I recently attended the Kappa Delta Pi International Convocation in Indianapolis, Indiana. This is my sixth time attending convocation, and each time I have attended assuming various roles such as a state delegate, regional representative, presenter, and Executive Council member. This year my role shifted to co-chair of the International Committee. With each role comes a new perspective, or lense to view the sessions, meetings, and interactions. As co-chair of the International Committee, I had the pleasure of networking with a variety of educators passionate about student learning across the globe. This year, I attended several sessions focused on sustainability supporting my own teaching philosophy as well as elements of my district’s strategic plan. I’m particularly attuned to equity and social justice strands. Kappa Delta Pi is currently offering a free online class to members and nonmembers on the topic of sustainability. Details on the class can be found at Introduction to Sustainability. This class is facilitated by Susan Santone, author of the book, Reframing the Curriculum: Design for Social Justice and Sustainability.
When I think about my own work related to this blog, the importance of the powerful questions and thinking needed to adequately discuss these topics as well as brainstorm a course of action becomes the impetus of incorporating movement in critical discussions. The concept of using movement with students in the classroom when stimulating discussion is applicable to adults as well. A simple strategy to begin the conversation builds on other ideas I have posted previously.
Activity Title: Working Definition Walkabout
To prepare for this activity, the facilitator prints out a sheet of definitions referencing the big topics to be discussed. At the top of the sheet, the facilitator included the “Working Definition” title. Depending on the size of the group, the number of copies posted around the room may range from 5 or more.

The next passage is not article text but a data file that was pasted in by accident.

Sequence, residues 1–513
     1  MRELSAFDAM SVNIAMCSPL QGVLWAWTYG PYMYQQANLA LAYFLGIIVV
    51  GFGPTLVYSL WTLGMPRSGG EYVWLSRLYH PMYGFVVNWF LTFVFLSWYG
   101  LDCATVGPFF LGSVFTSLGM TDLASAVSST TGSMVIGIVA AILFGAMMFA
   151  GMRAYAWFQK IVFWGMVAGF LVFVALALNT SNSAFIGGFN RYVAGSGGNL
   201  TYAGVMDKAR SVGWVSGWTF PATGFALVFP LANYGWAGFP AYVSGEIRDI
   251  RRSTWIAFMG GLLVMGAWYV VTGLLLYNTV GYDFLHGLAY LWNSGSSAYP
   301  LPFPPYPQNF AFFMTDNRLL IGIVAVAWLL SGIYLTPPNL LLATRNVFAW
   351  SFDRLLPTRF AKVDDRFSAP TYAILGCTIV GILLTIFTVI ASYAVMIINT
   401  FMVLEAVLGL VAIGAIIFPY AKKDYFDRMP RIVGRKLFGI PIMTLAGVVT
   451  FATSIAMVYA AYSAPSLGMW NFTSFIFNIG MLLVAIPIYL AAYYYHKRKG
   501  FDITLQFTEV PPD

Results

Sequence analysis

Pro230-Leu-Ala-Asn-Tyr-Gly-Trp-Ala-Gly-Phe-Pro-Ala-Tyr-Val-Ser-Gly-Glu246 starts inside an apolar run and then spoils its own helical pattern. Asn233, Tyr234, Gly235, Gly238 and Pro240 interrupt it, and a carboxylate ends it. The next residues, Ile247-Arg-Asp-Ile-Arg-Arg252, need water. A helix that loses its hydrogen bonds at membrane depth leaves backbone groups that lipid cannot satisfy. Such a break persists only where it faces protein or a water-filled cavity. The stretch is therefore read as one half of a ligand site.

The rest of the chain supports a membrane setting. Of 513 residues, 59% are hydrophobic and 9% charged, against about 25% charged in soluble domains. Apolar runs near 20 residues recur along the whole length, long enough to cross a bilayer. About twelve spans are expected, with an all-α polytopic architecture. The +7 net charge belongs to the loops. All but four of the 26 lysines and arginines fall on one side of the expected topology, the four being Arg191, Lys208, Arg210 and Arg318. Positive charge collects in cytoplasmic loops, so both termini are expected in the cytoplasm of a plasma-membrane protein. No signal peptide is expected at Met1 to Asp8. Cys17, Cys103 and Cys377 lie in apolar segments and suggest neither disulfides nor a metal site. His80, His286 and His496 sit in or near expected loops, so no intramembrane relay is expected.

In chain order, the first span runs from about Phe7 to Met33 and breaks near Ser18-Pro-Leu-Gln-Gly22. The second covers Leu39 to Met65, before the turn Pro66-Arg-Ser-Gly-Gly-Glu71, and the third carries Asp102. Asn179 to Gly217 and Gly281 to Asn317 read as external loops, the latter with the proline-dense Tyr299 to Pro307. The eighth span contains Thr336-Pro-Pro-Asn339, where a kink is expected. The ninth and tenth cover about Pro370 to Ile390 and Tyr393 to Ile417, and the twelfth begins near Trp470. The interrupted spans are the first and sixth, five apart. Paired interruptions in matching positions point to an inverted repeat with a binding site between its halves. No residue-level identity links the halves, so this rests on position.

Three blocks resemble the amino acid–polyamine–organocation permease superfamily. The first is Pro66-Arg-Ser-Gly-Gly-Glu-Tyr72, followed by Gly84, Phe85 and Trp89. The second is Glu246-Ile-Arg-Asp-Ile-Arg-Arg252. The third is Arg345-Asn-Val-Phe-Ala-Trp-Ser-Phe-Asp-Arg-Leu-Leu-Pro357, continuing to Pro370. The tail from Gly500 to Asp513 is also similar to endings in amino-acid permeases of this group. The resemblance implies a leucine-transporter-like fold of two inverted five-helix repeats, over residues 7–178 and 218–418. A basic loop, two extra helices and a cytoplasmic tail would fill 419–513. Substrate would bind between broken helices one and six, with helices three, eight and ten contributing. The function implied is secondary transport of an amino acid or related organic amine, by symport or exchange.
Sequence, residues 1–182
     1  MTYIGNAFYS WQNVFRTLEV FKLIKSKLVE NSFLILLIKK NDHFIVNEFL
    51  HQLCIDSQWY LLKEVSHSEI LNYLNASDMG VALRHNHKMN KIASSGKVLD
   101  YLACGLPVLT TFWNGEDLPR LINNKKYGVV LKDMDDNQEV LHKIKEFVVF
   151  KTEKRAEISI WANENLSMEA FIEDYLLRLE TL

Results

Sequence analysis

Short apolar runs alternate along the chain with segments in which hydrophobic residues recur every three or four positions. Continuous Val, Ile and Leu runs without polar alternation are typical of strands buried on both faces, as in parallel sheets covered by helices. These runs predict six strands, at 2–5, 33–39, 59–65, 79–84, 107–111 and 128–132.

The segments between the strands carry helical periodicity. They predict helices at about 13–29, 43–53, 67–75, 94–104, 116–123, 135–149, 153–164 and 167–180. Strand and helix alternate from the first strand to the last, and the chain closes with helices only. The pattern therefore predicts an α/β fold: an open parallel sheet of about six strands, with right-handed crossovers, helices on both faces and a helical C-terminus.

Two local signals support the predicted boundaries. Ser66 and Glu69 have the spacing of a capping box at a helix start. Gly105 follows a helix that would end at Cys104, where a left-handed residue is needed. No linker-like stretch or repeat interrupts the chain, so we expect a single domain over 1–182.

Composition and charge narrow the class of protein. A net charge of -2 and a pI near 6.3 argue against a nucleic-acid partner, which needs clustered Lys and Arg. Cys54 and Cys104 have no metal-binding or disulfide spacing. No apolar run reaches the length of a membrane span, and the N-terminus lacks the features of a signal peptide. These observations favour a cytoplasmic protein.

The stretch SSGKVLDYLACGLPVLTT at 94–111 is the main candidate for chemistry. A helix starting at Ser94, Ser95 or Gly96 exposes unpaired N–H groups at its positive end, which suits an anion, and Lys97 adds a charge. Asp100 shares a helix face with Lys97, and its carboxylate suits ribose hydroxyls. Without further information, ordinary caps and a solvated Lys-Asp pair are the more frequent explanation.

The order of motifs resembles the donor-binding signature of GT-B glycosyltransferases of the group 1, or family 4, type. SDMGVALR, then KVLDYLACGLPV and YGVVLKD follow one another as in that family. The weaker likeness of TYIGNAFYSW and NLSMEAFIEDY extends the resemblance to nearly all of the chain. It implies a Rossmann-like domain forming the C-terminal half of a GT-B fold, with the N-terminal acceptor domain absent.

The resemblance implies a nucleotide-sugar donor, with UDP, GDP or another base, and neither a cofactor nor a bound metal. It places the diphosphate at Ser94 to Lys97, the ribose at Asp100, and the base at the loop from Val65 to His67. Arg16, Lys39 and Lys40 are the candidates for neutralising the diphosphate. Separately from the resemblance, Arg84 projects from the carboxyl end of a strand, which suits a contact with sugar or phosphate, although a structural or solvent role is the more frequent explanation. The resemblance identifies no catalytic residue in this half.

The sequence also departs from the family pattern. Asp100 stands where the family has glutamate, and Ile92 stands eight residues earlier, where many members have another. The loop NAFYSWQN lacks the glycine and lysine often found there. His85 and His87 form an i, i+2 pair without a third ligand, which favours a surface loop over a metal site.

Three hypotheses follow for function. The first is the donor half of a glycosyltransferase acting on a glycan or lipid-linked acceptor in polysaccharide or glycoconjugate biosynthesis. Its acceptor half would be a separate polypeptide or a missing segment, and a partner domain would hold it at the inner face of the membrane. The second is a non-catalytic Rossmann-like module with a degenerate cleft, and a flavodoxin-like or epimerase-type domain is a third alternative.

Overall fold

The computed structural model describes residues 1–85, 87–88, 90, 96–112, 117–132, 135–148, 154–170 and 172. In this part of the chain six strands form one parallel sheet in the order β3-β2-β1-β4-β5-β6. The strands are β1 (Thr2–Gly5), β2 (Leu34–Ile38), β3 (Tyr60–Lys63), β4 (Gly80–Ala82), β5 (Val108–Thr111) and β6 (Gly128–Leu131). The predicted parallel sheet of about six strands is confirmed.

Step 1: Hang Working Definitions around the room. For example, the definitions of social justice and equity might be displayed as working definitions.
Step 2: Participants divide themselves into groups of 3-4 and position themselves in front of one of the working definition sheets. When groups have been formed, they agree on three powerful words to highlight. After they highlight these words, they then decide on what should be crossed out, added to, or rephrased.
Step 3: Participants move as a group counterclockwise to the next working definition sheet. Participants view highlights and review revisions to the working definition. They then continue editing or adding comments.
Step 4: Participants move to the next working definition sheet and repeat the process. This process can continue as long as the facilitator decides.
Step 5: Participants share about the process and its application to their work.
This activity is good for the following reasons:
- It honors the voice of every person.
- It honors the collective voice of individuals in the room:
- what they agree with
- what they disagree with
- their expertise on the topic
- It adds to the processing time
- participants consider own knowledge
- participants focus on the topic at hand
- reduces stress and anxiety
The next steps of the process may include developing the group’s working definition, deep diving into the topic, and/or beginning the process of deciding the direction for the classroom, grade level, district, and so on through the generation of questions.